By Ron McDonald, Editor & Publisher
Sometimes you just don’t want to fight the wind, waves or weekend traffic on the lake. But that does not mean you don’t go fishing.
You gather a few rods and reels, a few lures and head for some pier fishin’. That’s fishing FROM the pier not TO the pier.
Now I admit, my more expensive lures and a treble-hooked baits don’t make the trip. Experience has taught me that a hung bait when fishing from a pier is usually a lost bait unless you want to, if you can, wade out to fetch the lure. Most of our pier inventory are jig heads, plastic baits and some hard baits that don’t run on the bottom like topwaters, buzzbaits, spinnerbaits, etc.
Miss Martha and I hit the pier on Wilson Lake several days ago to try our luck. The particular pier we were fishing from was surrounded by fairly shallow water with some submerged wood and scattered rocks. The water visibility was about six inches with some wind. No idea what the surface temp of the water was. Probably upper 50’s to low 60’s.
As usual, my pier partner brought the first bass in. She was using a Slider Football Head jig and seven-inch worm on six-pound line. To say the wind made fishing with six-pound line a little challenging is an understatement. That bass, about a 2.5 lb. keeper, was her limit for this day. The fishing was tough. There are times when you wish the pier had a trolling motor attached.
Meanwhile, I fished for several hours without a bite while throwing everything including the kitchen sink. In desperation I returned to our plastic bag tackle box searching for something I just knew the fish would want. I spotted an old spinnerbait that had a red skirt, a short arm with a thumper blade and a watermelon/red flake crawfish trailer. With the dingy water I thought why not.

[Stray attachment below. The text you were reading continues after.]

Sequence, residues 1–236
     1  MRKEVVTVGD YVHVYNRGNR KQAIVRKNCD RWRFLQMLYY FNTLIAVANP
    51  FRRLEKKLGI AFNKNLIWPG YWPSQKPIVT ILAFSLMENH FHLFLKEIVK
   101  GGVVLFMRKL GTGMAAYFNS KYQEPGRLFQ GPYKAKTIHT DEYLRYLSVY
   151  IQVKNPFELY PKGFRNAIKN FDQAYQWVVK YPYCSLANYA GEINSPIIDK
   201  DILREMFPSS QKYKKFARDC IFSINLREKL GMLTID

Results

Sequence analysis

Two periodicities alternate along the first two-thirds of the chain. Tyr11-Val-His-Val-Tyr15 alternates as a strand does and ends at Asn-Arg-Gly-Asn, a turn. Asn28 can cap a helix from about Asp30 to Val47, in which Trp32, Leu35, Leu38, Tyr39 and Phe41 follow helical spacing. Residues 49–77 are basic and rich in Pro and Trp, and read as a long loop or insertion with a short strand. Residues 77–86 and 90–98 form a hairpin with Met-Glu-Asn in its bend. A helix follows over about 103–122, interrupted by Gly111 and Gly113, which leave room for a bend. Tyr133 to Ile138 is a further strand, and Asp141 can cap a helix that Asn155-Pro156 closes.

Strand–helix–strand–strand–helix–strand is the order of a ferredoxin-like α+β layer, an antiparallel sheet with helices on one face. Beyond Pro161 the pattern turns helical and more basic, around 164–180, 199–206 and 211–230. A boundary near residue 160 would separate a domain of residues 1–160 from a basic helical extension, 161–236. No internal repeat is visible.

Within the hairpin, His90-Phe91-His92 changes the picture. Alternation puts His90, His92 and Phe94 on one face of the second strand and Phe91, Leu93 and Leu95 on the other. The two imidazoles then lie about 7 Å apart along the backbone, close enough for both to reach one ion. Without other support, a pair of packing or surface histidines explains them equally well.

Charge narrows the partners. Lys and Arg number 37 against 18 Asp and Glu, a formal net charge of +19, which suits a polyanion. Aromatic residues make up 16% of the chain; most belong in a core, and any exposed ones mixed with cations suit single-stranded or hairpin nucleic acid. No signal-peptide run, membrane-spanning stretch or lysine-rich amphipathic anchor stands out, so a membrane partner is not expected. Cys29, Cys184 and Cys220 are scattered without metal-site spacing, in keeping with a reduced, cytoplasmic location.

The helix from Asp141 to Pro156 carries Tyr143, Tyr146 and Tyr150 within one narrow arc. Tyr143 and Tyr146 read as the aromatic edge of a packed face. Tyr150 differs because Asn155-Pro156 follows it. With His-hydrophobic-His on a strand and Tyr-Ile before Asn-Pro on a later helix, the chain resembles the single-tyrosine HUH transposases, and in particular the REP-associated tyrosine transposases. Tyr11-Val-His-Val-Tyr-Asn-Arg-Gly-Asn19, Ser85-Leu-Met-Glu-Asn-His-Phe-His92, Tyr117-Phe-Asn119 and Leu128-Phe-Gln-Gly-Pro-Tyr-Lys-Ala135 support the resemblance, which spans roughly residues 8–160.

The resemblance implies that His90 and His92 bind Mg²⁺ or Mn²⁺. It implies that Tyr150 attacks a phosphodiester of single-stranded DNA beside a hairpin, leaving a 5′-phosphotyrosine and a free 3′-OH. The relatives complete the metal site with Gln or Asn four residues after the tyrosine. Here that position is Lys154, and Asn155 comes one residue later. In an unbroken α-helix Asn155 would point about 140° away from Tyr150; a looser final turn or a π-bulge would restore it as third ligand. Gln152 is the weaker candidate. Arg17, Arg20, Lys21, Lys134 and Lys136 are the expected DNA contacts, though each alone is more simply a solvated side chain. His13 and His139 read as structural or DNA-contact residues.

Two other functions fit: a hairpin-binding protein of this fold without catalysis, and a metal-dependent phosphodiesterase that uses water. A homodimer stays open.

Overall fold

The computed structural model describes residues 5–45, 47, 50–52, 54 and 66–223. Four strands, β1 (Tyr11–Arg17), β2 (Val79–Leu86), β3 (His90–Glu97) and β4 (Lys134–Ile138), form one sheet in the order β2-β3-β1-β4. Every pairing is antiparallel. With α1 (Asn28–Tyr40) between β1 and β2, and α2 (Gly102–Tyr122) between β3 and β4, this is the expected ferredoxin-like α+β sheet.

After a few casts I hooked into a largemouth that went around five pounds, plus or minus. A couple casts later I hooked another bass in the 2.5 pound range – in the exact same place I had caught the five-pounder from. To say I was happy, as well as surprised, goes without saying. A couple more casts later another bass hit the old spinnerbait – in the exact same spot the other two had come from. This bass was in the 1.5 pound range.
I had been slinging all kinds of lures for hours without a hint of a bite. Then, in roughly 15 minutes. I had caught three bass from the exact same spot. I have no idea what was holding those bass to that spot. Needless to say, I foamed the water with that old red-skirted spinnerbait the rest of the afternoon but found no more takers.
The moral to this story is that you can catch bass, and good bass, from a pier with wind and muddy water so long as you are using a 40-year-old red-skirted, short armed, thumper blade spinnerbait.